At the moment, I’m reading the novel Foucault’s Pendulum by Umberto Eco. (I’m aware that this is the second post in a row about what I’m reading: I do like to read, and I feel there’s a future post about a link between English teaching and reading) Yesterday, I was struck by the following passage (context: the book was published in 1988, and the narrator is writing about his first experience using a word processor, referred to as he/him):
Why no!, not, in fact, a blank page, but rather a continuation of the theme of what I don’t know about English (though you can expect this to be a very short series of articles). Today I want to have a look at the last book I’ve read: Cat’s Cradle, by Kurt Vonnegut. Like most books I read, it was a second-hand copy from my favourite bookshop, and one of the previous owners had underlined a lot of words. I didn’t think too much of this at first: there are often handwritten notes and underlined sections in second-hand books. That’s part of the appeal of second-hand books: the feeling that they’ve already had a full life (it must have been some journey to get from S&S Books in Sioux Falls, South Dakota, to Charlie Byrne’s Bookshop in Galway, Ireland), and the knowledge that someone else got to appreciate them. This case was slightly different though, because there were just individual words underlined, and no notes in the margins. I soon realised that these words were underlined because the previous reader hadn’t understood them. How did I come to realise this? Because I didn’t know most of them either.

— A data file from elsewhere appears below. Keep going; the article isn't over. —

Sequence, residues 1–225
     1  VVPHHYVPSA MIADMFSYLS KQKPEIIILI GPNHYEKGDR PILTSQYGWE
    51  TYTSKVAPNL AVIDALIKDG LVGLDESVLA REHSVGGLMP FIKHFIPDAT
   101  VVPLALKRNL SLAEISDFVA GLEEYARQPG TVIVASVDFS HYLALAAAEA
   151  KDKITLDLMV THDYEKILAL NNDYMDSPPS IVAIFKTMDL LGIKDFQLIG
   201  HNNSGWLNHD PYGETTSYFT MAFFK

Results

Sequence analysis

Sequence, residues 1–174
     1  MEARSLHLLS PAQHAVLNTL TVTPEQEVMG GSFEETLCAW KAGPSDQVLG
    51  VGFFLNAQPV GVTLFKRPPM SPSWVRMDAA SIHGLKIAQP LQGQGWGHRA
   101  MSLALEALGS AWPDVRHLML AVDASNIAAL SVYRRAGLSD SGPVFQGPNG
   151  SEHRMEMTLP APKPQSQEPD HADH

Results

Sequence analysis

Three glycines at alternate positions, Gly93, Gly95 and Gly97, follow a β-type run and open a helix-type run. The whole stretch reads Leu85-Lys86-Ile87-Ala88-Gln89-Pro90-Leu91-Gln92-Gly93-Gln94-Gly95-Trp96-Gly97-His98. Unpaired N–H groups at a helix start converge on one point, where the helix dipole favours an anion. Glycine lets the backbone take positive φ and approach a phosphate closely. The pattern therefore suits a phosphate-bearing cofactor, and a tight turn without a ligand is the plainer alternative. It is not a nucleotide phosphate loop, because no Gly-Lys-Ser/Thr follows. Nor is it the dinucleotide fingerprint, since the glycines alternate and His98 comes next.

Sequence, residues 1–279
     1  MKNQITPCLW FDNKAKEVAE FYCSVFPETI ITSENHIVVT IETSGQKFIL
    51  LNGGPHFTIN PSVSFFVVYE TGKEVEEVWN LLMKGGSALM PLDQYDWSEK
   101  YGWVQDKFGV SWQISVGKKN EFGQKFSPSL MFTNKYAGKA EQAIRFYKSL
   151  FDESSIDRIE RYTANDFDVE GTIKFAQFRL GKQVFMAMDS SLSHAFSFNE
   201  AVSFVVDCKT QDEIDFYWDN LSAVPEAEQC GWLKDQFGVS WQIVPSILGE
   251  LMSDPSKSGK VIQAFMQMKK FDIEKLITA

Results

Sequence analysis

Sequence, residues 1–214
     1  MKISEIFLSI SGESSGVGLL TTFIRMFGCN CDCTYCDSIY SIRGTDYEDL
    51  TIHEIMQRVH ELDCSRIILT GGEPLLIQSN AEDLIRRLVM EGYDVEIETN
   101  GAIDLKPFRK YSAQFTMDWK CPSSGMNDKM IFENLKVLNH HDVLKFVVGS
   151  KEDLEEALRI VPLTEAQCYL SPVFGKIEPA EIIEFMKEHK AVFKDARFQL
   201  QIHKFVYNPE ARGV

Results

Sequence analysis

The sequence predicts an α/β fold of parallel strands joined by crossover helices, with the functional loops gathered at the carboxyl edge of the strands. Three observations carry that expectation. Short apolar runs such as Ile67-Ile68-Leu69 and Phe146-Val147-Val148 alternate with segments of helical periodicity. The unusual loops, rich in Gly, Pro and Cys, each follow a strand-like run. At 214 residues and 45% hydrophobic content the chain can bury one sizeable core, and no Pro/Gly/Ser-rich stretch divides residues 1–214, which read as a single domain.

I love Hallowe’en, always have since I was a child. I loved the sense that the barrier between our reality and a mysterious, dangerous plane of existence might be opened for one night a year, and anything could happen. It was terrifying and exciting at the same time. And though now I don’t believe in the supernatural, I still love horror films and stories. So between now and Hallowe’en, I’ll share my thoughts on some of my favourite horror fiction.
I’ll start with House of Leaves, by Mark Z. Danielewski (2000). Continue reading